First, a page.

Aphasia is an impairment language caused by an injury to the brain, usually due to stroke. There are several types of aphasia that affect language skills in different ways. According to the National Aphasia Association (NAA), 2 million people in the United States have aphasia and have lost all or some ability to use words. However, almost 85% of Americans say they’re not familiar with the term aphasia. That’s why Aphasia Awareness Month in June is so important.
Quick Facts About Aphasia
- Aphasia is an impairment of language that can affect both the production and comprehension of speech and impair a person’s ability to read and/or write.
- Aphasia is always caused by an injury to the brain
- Stroke is the most common cause of brain injury that leads to aphasia
- Other brain injuries from head trauma, infections, or tumors can also cause aphasia
- Aphasia can be mild and only affect a single aspect of language OR
- It can be so severe that is incredibly difficult to communicate with the patient
- Most commonly, multiple aspects of communication are impaired
- Some people can recover from aphasia, but if they have it longer than 2 or 3 months it is unlikely they will recover
Types of Aphasia
1. Global Aphasia
Global aphasia is the most severe type of aphasia. It is caused by injuries to multiple parts of the brain that are responsible for processing language. Patients with global aphasia can only produce a few recognizable words. They can understand very little or no spoken language. However, they may have fully preserved cognitive and intellectual abilities that are not related to language or speech. Global aphasia may be apparent immediately following a stroke or brain trauma. While this type of aphasia can improve as the brain heals, there may be lasting damage.
2. Broca’s Aphasia
Broca’s aphasia is also called non-fluent or expressive aphasia. Patients with Broca’s aphasia have partial loss of their language ability. They have difficulty speaking fluently and their speech may be limited to a few words at a time. Because they can only get a few words out at a time, their speech is described as halting or effortful. They are usually able to understand speech well and maintain the ability to read but may have limited writing abilities.
3. Mixed Non-Fluent Aphasia
Patients with this type of aphasia have limited and effortful speech, similar to patients with Broca’s aphasia. However, their comprehension abilities are more limited than patients with Broca’s aphasia. They may be able to read and write, but not beyond an elementary school level.
4. Wernicke’s Aphasia
Wernicke’s aphasia is also called fluent aphasia or receptive aphasia. It is referred to as fluent because while these individuals have an impaired ability to comprehend spoken words, they do not have difficulty producing connected speech. However, what they say may not make a lot of sense and they’ll use nonsense or irrelevant words in their sentences. Often, they do not realize that they are using the incorrect words. Someone with Wernicke’s aphasia will probably have an impaired ability to read and write and lose much of their language comprehension ability.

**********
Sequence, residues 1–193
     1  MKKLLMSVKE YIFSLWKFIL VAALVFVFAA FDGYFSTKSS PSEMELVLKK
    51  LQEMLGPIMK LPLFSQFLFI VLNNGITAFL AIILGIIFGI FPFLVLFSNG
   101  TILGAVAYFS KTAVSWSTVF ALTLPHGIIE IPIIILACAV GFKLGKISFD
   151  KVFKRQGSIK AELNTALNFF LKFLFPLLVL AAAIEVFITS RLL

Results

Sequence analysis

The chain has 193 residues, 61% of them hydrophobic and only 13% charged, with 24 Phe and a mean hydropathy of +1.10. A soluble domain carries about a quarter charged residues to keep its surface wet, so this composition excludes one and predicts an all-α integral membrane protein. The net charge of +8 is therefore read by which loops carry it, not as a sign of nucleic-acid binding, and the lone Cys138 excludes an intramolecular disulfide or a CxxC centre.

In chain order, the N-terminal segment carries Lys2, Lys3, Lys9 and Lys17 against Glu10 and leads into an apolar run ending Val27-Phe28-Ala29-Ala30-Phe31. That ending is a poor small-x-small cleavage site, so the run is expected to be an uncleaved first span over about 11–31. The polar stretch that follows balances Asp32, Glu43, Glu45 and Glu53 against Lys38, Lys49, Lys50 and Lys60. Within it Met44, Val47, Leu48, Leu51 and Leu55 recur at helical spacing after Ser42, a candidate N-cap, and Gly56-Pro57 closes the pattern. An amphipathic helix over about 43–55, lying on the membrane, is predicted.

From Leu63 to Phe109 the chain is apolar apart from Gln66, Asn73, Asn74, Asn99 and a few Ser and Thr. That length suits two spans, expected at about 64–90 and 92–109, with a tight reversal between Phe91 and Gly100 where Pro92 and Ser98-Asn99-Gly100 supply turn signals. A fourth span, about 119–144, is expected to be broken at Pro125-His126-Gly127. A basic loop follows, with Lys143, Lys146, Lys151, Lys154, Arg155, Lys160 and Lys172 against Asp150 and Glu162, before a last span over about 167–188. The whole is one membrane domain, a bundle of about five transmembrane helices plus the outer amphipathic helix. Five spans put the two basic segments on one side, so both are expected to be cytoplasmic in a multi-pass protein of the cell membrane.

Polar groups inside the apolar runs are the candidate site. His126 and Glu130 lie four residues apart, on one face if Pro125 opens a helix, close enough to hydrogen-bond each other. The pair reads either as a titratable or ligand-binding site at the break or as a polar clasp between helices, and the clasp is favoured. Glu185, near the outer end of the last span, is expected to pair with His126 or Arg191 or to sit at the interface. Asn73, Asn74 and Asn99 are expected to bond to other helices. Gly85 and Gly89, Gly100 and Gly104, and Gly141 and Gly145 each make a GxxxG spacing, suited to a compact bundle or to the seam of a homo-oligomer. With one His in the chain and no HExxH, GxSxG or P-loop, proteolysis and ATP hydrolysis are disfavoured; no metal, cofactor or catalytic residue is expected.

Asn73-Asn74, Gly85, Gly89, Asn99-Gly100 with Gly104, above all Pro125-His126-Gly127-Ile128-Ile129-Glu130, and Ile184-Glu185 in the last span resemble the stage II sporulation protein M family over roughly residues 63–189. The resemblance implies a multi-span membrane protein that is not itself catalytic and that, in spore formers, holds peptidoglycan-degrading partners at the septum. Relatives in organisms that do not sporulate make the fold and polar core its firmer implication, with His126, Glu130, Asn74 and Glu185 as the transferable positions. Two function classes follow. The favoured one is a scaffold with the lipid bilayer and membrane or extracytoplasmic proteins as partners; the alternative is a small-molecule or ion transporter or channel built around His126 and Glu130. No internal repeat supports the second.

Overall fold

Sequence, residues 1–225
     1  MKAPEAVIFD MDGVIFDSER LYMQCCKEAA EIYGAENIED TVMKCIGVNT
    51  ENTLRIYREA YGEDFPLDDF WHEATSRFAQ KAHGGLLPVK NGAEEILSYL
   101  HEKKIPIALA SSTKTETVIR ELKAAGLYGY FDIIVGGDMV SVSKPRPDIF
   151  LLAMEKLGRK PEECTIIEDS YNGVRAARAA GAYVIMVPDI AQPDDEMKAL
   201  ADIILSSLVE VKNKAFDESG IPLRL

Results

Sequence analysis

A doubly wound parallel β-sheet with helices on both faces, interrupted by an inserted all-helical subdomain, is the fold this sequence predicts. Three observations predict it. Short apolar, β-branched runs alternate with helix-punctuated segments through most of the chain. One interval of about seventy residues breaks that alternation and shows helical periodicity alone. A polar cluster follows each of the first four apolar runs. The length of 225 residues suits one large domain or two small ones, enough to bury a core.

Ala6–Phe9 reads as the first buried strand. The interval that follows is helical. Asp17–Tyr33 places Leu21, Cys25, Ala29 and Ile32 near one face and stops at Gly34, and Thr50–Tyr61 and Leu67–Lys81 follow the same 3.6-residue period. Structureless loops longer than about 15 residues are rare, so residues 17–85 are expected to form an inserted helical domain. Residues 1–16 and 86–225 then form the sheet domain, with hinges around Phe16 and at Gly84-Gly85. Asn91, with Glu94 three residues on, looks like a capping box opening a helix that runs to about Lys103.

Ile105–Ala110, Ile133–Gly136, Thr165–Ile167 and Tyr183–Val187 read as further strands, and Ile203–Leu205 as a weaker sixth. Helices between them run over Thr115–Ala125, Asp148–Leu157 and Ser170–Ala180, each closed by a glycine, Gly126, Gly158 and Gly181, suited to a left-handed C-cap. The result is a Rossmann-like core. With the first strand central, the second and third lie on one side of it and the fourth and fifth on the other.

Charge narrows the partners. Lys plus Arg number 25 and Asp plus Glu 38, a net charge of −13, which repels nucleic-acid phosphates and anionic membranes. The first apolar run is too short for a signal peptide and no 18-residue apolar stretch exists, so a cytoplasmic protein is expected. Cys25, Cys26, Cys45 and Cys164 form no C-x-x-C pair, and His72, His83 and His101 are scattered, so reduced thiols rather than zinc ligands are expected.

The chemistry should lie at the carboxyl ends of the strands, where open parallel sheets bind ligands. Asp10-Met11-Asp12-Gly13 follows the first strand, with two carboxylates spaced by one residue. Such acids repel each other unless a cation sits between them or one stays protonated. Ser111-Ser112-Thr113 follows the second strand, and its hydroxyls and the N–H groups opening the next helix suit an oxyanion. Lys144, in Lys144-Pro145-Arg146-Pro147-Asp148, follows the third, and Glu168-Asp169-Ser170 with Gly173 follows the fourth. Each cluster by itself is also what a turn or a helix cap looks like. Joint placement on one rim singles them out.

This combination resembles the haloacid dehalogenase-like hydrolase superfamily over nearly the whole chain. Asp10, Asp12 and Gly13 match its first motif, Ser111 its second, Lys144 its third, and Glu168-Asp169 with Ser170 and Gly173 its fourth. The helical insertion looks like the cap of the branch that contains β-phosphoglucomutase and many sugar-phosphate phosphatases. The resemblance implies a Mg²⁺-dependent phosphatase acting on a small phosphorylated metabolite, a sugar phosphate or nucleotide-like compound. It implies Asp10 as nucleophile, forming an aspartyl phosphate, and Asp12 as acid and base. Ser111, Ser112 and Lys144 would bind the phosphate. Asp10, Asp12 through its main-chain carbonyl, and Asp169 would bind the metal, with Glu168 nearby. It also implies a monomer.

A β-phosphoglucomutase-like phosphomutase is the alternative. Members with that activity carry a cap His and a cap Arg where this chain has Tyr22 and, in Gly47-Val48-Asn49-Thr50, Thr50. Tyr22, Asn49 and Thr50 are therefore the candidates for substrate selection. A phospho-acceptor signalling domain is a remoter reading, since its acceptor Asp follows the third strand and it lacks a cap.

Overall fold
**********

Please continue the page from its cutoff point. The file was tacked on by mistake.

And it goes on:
5. Anomic Aphasia
A person who suffers from anomic aphasia is unable to come up with the right words for what they want to talk about. They have a grasp on grammar and speech output, but they simply cannot find the words to discuss what they want to. When they speak, it is often vague and they might seem like they are “talking around” the thing they can’t describe. They also have difficulty finding words when they write.
6. Primary Progressive Aphasia (PPA)
PPA is a neurological syndrome in which someone loses their ability to use language slowly and progressively. While most other forms of aphasia are caused by stroke, PPA is caused by neurodegenerative diseases like Alzheimer’s Disease. PPA progresses as the tissue in the language centers of the brain deteriorates over time. Because this form of aphasia is associated with degenerative disorders, PPA is eventually accompanied by other symptoms of dementia or memory loss.
Regional Neurological Associates is happy to report we are reopening to see patients in-office. Patients can now make same-day appointments and expect to be treated with the best care and attention. Our current office hours are: Monday – Friday from 9 am – 4 pm. If you have questions or concerns about your neurological health, call us at (718) 515-4347 to make an appointment.
While we are pleased to be seeing patients in the office again, we ask that anyone experiencing symptoms like fever, cough, or shortness of breath reschedule your appointment or schedule a telemedicine appointment. Please contact our office to change your in-person visit to a Telehealth visit (718) 515-4347.